In her fourth chapter, “The Cruel Hand,” the author restates some pivotal points about the devastating effects of being labeled a felon. However, this is one of her weaker chapters, seeing as not much new information is introduced. This gives the appearance of being repetitive, and though her words are worth repeating, the reader finished three chapters over the very same material beforehand. However, this chapter serves as a neat tie between the beginning chapters, which primarily explain the issue, and the last few chapters, which provide the fire to get to the bottom of the problems. The fifth chapter, “The New Jim Crow,” is very similar in nature to the fourth. It has the same tone of repetition, and provides little new information. It does, however, serve as a working conclusion to help the reader put all of the pieces together before moving on to the sixth chapter, where the discussion and the meaning of discussion meet. The sixth chapter, entitled “The Fire This Time,” is designed to motivate the reader to take action. The beginning chapters lead up to the finale, which presents emotional pulls along with logical ties, making generalizations that can be followed by any reader. Alexander points out that “criminal justice reform efforts—standing alone—are futile” (230). Her fears and hopes for the Obama presidency are also outlined in this chapter, claiming that a colorblind society might not be the best option (240) and that Obama does not necessarily understand the perils of the criminal justice systems for African American males, though he found himself in a few tough situations (251). Her efforts in this last chapter can be summarized as urging the reader to not only hold her argument to be truth, but to act out her ambitions and spread the flame she worked to create.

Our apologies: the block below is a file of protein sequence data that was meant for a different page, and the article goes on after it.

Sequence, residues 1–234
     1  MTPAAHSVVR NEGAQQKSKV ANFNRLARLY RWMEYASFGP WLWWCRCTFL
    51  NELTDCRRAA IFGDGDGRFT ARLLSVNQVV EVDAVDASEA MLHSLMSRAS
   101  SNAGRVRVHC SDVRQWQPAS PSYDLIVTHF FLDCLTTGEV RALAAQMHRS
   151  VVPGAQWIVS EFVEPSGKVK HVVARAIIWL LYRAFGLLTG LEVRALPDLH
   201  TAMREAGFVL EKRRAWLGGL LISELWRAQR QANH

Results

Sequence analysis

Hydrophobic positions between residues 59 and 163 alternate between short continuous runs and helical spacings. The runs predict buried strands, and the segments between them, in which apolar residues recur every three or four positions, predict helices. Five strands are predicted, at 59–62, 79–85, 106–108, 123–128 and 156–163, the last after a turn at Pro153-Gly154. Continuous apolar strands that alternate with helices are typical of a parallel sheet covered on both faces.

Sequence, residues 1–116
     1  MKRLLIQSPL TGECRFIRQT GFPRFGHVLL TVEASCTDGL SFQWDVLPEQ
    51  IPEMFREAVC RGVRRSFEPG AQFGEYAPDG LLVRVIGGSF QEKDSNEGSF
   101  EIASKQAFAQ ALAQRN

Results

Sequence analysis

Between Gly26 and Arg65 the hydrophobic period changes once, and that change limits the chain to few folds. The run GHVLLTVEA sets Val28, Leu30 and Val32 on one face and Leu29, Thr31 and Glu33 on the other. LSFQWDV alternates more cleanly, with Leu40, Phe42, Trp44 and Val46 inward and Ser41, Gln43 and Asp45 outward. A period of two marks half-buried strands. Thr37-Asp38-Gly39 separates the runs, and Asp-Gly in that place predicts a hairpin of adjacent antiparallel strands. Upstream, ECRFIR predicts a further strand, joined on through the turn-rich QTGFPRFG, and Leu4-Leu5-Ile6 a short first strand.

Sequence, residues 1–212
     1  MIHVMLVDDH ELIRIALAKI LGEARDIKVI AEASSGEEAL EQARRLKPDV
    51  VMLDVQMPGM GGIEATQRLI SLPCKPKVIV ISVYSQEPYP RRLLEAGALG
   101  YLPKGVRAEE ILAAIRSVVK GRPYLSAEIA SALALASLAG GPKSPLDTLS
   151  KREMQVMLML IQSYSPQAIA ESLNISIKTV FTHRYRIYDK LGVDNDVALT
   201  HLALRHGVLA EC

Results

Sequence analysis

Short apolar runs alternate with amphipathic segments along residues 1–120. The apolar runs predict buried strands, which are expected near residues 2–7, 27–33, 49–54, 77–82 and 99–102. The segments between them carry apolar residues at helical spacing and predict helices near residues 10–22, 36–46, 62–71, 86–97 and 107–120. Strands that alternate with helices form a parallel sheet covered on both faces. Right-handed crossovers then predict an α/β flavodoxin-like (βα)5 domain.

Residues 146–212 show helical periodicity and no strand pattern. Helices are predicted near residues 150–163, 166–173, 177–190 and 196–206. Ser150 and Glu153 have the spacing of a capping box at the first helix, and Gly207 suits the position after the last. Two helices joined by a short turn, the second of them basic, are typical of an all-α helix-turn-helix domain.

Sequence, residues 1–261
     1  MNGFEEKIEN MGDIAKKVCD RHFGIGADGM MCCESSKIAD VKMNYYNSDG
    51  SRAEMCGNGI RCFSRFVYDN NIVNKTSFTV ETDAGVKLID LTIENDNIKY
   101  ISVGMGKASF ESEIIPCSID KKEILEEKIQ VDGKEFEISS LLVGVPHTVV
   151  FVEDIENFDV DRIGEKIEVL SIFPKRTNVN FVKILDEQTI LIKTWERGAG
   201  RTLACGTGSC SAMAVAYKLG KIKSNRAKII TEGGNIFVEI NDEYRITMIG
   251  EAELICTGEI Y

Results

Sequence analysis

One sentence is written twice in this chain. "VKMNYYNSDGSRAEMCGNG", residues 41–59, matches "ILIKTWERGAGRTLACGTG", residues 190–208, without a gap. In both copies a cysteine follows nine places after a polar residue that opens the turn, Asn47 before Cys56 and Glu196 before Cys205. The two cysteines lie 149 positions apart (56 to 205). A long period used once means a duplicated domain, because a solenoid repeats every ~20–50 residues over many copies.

Alexander’s work is incredibly hard-hitting from the very beginning, launching into difficult discussions such as slavery, discrimination, and blatant racism. However, her work lacks luster throughout its entirety. She brings out very strong points in the first few chapters, but fails to provide momentum. Thusly, her work appears to be repetitive. Due to the overwhelming support for her claims, stemming anywhere from Supreme Court decisions to personal accounts, her argument is nearly finished by the end of the second chapter. The latter chapters serve as a guide for those interested in civil rights and the ways in which they can be of service. Alexander’s thesis development is essentially wrapped up by the fifth chapter, although the last few chapters in that set are heavily repetitive. Her final chapters bring the fire and passion that is needed to create waves of change in society, providing what is lacking and inspiring the reader to become more socially aware. If Alexander had created this tone of urgency earlier on in the work, the book would have had a stronger sense of momentum and impact from the beginning.
Alexander’s book ultimately serves as a wonderful tool for predominantly white cultures to take a step back and realize the wrongdoings that are so prevalent in their societies. It is possible that many of the readers who approach her work truly have not contemplated the tremendous effects that being labeled a felon could have on one’s entire life, including after release from prison. Pairing that with the racial disparities in the sentencing process and the lack of ability to firmly prove race as a motive in the courtroom, Alexander’s work serves to force the outsider to make the connection she provides consistently in every chapter: a new racial caste system is at work, and it cannot be stopped until every sector, group, and person realizes the devastating effects that will prevail.